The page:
Mike Brodie – Hobo Nation

Mike Brodie Comes of Age

Mike Brodie was born in 1985. He was given the moniker of the “Polaroid Kidd”. He is an American photographer. He set off, while still a teen from the years, from 2004 to 2008 and freight hopped across the US, photographing people and a lifestyle that most people thought faded during the Great Depression. Yet here in the 21st century, he mingled with vagabonds and hobos. Does Webster’s Dictionary still list the word “hobo”? I guess so. In 2013 his book “A Period of Juvenile Prosperity” was published. Although he used a SX-70, he eventually switched to 35mm. (Nikon F3) In 2015 his next book was released, “Tones of Dirt and Bone”.

 

Nikon F3
© Mike Brodie

 

Nikon F3
© Mike Brodie

 

From Polaroid to Nikon F3

His mother worked most of her life as a maid and cashier. Almost single handedly raising a young boy. Dad was still in prison in Arizona. When they moved to Pensacola, Florida in 2000, Brodie got into the punk rock scene. In 2003, he witnessed a young couple huddled close together on a passing railroad car. He was curious. So, at 18, Mike Brodie started freight hopping across the US. He started photographing his new surroundings, which were basically the well hidden train-hopper and squatter scene. Hobos? Initially he was using a Polaroid SX-70 given to him. When Polaroid discontinued making film (2006 or so), he started using a Nikon F3. Digital was way too expensive for him at the time. And I doubt any 2006 digital cameras could ever handle the “lifestyle” anyway.

 

Polaroid SX-70
© Mike Brodie

 

Nikon F3
© Mike Brodie

 

Early Successes

During his first trip cross country , he met Paul Schiek, who was the founder of TBW Books. Schiek helped Brodie produce two bodies of work from this period: “Tones of Dirt and Bone” and “A Period of Juvenile Prosperity”. After exhibiting in various galleries, they became books. Actually, the images in “Tones of Dirt and Bone”, although produced earlier with the SX-70 and Polaroid film, came out second. The images in “A Period of Juvenile Prosperity” were all 35mm. He felt the images taken with 35mm were much more candid,…less staged. Polaroid is not the best option for candid type photos. (movement)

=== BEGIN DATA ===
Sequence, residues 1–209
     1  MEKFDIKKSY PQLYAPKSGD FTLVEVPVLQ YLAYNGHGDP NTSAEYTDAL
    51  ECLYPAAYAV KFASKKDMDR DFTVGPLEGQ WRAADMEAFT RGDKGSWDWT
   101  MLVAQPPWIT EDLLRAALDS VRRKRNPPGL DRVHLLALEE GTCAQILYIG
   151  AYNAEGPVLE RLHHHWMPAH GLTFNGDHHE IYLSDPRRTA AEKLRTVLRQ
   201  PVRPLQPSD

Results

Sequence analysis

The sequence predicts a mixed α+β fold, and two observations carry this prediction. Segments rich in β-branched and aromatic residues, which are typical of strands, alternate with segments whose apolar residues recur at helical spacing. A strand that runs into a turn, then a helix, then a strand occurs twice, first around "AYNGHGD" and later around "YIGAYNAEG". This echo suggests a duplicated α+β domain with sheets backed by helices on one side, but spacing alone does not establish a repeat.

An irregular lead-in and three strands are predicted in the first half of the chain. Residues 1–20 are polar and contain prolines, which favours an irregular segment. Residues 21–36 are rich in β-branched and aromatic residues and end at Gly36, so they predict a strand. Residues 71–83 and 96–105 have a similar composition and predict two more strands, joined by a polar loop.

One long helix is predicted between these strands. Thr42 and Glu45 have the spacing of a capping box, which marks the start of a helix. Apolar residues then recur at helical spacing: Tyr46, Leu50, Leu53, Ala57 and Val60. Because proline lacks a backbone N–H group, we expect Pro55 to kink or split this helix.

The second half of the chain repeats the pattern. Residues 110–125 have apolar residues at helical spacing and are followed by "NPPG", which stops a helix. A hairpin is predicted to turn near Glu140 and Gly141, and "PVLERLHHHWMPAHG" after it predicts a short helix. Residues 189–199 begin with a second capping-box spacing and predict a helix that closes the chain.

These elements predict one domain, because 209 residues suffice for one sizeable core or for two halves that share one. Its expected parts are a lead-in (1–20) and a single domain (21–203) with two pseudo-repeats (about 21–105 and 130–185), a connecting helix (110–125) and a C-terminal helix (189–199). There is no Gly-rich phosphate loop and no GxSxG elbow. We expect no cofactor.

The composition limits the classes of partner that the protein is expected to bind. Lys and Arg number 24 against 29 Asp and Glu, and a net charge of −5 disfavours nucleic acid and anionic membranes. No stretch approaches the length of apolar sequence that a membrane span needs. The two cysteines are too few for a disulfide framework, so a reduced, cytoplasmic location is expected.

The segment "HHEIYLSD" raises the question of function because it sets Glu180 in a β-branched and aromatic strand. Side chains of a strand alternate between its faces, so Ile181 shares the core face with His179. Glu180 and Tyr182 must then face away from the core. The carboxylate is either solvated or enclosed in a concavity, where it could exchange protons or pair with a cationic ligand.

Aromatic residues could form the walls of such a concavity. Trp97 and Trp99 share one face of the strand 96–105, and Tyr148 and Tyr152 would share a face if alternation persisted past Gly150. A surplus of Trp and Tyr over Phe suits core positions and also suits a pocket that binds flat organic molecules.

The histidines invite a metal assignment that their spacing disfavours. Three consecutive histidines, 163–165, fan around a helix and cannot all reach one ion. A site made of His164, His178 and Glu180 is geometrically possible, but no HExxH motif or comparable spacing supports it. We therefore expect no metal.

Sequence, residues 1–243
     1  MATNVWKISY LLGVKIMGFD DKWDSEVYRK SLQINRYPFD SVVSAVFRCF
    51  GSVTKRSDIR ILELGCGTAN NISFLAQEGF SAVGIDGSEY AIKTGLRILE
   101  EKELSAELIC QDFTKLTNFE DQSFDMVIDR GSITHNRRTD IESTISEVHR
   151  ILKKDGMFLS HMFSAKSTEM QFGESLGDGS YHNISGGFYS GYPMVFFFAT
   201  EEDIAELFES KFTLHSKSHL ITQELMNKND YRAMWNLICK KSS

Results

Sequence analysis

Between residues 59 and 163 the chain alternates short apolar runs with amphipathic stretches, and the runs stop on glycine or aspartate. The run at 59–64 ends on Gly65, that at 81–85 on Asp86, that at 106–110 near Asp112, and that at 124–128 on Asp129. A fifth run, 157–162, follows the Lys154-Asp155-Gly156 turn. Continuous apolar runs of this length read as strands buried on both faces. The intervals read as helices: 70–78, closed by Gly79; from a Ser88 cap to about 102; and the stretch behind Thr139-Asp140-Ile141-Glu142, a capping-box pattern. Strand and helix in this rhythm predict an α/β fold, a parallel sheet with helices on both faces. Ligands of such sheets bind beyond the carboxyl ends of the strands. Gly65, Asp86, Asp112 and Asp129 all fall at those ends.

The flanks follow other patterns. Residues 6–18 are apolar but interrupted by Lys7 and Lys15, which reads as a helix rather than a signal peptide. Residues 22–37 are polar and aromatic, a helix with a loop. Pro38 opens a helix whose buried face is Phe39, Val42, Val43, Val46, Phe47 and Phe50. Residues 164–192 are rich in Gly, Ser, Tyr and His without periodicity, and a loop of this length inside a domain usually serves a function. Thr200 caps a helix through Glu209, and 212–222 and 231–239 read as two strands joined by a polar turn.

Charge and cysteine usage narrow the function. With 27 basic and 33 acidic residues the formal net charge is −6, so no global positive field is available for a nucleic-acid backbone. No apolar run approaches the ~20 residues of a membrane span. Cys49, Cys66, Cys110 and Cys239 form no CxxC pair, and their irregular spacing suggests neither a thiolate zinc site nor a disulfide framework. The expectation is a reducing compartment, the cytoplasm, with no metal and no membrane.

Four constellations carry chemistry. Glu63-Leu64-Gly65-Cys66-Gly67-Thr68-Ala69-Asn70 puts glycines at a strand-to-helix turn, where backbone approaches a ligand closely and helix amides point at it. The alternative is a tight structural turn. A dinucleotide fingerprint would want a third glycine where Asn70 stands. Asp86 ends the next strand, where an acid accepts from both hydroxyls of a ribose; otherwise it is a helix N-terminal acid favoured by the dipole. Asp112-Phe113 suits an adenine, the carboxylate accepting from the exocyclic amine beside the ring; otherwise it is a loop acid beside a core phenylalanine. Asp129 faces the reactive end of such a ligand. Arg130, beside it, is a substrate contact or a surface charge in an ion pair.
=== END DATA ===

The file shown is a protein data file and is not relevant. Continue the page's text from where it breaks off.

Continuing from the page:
Nikon F3
© Mike Brodie

 

Nikon F3
© Mike Brodie

 

His book “A Period of Juvenile Prosperity” was highly acclaimed by and listed in the top 10 of photobooks by no less than The Guardian, The New York Times, Dazed, Mother Jones and American Photo magazine! Artforum named Brodie’s show in New York as the ‘show of the year’. Even Martin Parr and Gerry Badger called the photographs of “A Period of Juvenile Prosperity” both “romantic” and “warmly inspiring”.

 

Nikon F3
© Mike Brodie

 

Mike Brodie
© Mike Brodie

 

From Art to Diesel (not the jeans)

Even Alec Soth put the book in his top ten photobooks of 2013. Accolades referring to the “quality” of the images that made it an instant classic. Personally, I thought we were seeing the next Ryan McGinley. Alas, Mike Brodie graduated from the Nashville Auto-Diesel College, in Nashville, TN. In 2013, Mike Brodie said he stopped taking photographs. As of 2017, Brodie is working as a diesel mechanic for the Union Pacific Railroad. We can only hope he eventually becomes inspired again, and returns to photography. A ‘Coming Soon’ website gives hope.

 

Website

 

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